Report: Construction’s Non-Optimal Activities Cost Billions AnnuallyAugust 10th, 2018 by Jordan Scott
The U.S. will spend approximately $177.5 billion in labor costs on non-optimal activities in 2018, according to a recently released report from construction productivity software company PlanGrid. The report asked survey respondents about how construction companies spend time on the jobsite, communicate during projects and leverage technological investments. The “Construction Disconnected 2018 Industry Report” was conducted alongside management consulting firm FMI Corporation.
Off the 599 total survey participants, 500 were from the U.S. and 99 were from Australia, New Zealand, the United Kingdom and Canada. Forty-nine percent of companies surveyed were general contractors, 36 percent were specialty contractors and 15 percent were owners/developers.
According to the report, construction professionals spend 35 percent of their time on non-optimal activities. On average, respondents spend 5.5 hours per week looking for product data and information. They spend 4.7 hours per week on conflict resolution and 3.9 hours per week dealing with mistakes and rework. That equals 14-plus total hours lost per person each week that could have been spent on priority activities.
Construction professionals reported spending 65 percent of their time on optimal activities. Respondents spend 11.2 hours per week on project execution and coordination, 8.2 hours per week on communicating/interacting with project stakeholders and seven hours per week on organizing the jobsite.
According to the report, on average, 52 percent of all rework globally is caused by poor data and miscommunication. $65 billion of total U.S. construction spending will go toward rework by the end of this year. Of that cost, $31.3 billion will be caused by poor data and miscommunication in 2018.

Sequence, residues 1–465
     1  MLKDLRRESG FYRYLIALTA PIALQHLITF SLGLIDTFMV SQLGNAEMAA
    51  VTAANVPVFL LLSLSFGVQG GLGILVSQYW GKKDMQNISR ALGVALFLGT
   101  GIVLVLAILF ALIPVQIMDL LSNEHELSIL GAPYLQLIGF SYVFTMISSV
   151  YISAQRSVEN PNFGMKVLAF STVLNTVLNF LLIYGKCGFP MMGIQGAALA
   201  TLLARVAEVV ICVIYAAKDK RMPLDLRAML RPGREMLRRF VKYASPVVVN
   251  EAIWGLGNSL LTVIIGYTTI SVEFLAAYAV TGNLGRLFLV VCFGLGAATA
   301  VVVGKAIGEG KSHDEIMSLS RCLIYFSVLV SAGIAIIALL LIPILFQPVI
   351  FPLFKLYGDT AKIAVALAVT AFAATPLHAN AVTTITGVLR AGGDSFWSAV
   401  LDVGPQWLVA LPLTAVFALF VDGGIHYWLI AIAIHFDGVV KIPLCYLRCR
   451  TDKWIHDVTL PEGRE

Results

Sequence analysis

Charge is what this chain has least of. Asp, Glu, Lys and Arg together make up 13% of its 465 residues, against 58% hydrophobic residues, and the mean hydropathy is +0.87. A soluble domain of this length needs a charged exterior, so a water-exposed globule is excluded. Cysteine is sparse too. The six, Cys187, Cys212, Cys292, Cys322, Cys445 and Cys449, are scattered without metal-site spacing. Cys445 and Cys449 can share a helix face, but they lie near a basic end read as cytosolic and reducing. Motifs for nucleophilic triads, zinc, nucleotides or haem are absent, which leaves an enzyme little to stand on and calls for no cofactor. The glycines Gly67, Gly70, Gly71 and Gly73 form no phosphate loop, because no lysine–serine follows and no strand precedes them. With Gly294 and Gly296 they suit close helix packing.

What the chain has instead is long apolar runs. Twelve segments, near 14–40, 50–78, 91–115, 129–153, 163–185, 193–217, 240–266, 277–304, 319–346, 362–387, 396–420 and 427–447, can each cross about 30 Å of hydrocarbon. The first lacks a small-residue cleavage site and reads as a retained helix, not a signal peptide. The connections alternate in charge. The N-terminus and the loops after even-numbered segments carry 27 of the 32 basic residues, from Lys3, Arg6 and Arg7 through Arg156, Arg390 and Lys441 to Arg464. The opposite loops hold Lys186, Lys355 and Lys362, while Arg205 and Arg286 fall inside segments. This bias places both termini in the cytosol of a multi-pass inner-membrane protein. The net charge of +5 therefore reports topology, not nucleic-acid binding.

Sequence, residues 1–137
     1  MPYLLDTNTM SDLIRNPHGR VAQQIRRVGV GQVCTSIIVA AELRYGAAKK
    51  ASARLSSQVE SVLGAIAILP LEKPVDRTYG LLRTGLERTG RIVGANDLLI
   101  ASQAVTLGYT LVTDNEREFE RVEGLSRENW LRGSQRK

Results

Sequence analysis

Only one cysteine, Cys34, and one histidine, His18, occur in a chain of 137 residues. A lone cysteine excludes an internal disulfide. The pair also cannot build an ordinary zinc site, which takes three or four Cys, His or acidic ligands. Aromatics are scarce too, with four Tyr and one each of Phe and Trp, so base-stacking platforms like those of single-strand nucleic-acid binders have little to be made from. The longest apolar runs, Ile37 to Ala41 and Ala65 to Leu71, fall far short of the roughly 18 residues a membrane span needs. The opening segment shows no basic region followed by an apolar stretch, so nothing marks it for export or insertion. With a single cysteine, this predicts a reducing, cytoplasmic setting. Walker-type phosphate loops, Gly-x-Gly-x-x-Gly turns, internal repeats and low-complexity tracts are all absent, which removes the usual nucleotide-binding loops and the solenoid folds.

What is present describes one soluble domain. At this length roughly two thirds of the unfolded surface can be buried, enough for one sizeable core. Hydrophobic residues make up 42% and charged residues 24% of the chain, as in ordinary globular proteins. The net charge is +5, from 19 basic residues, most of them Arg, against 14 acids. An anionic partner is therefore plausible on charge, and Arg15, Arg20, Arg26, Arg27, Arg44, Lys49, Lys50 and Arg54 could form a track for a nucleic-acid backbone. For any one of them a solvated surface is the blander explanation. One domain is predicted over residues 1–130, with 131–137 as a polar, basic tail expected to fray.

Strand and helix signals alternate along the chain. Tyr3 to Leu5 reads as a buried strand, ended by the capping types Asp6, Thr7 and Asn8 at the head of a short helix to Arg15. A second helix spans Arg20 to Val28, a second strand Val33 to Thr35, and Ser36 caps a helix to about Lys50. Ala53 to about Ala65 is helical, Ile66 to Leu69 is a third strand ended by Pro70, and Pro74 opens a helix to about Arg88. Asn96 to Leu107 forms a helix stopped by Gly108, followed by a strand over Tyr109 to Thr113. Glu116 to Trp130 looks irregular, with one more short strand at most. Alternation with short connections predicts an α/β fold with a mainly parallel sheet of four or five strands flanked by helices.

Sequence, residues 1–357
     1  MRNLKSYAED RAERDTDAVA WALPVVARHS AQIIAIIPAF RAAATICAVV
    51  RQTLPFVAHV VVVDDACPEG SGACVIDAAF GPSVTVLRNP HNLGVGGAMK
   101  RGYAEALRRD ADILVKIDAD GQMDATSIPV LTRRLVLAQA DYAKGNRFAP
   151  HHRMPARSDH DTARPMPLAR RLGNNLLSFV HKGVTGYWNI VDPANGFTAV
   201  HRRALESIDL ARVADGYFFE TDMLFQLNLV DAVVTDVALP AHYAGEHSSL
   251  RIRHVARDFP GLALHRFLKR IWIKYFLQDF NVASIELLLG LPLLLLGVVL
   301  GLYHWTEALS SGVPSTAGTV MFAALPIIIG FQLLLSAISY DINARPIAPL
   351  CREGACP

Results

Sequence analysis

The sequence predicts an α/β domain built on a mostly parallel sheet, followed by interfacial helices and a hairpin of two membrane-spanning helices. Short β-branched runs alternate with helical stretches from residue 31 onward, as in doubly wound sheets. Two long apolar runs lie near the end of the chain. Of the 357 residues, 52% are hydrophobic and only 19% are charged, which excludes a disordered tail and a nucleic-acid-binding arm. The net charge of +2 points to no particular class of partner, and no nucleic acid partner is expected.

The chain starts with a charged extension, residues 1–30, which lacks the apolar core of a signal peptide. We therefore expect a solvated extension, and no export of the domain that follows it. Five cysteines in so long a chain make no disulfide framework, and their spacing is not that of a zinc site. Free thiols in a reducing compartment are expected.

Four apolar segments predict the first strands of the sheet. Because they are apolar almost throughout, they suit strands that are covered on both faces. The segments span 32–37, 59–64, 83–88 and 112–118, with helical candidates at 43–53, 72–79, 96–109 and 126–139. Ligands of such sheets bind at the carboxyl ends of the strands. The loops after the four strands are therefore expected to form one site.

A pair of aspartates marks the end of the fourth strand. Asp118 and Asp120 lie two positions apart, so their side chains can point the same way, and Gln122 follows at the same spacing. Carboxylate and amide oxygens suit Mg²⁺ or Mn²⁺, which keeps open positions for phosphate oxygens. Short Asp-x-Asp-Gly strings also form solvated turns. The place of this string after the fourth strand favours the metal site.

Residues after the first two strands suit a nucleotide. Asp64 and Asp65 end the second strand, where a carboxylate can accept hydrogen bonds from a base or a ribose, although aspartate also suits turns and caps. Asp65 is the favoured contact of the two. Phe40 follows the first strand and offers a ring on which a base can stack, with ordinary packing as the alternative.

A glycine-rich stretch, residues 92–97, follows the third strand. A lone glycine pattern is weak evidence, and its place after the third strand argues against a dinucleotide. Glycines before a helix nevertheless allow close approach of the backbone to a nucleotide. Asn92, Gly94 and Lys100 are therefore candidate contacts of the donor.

“I would not be surprised if as much as half of the rework we experience is because of poor communication. There’s a lot of moving parts. It only takes one person to miss something or not tell someone what they did or where they put something to cause a problem,” said a senior project manager for a general contractor in response to the survey.
Approximately $2.4 million is wasted per firm annually from time spent on non-optimal activities.
The most common selected reason for spending more time than expected on a task was poor communication among project stakeholders. That was followed by lack of responsiveness of data and information delivery, confidence in the accuracy of the available data and information, difficulty gathering needed data and inability to collaborate effectively.
In regard to the top cause of poor communication among project stakeholders, 40 percent of respondents chose unresponsiveness to questions and requests, while 24 percent chose the inability of project stakeholders to collaborate effectively.
Thirty-four percent of respondents said that erroneous or incorrect project data was the top cause of poor project data and information, while 24 percent chose difficulty accessing needed project data.
Investing in field technology can drive down the loss in productivity. According to the report, 71 percent of owners indicate that capturing and retaining more data during design, construction and closeout will reduce or significantly reduce lifecycle operations costs.
The top three reasons for investing in field technology are better access to project data and information, improving project productivity and improving accuracy of project data and information.
Seventy-five percent of general contractors and subcontractors provide mobile devices to project managers and field supervisions. However, only 18 percent use apps on a mobile device consistently to access project data and collaborate.
Some of the reasons technology fails is because it is a poor fit with current processes and procedures, it’s difficult to use, low adoption, inadequate training and it doesn’t integrate well with existing software and technology.
The full report is available here.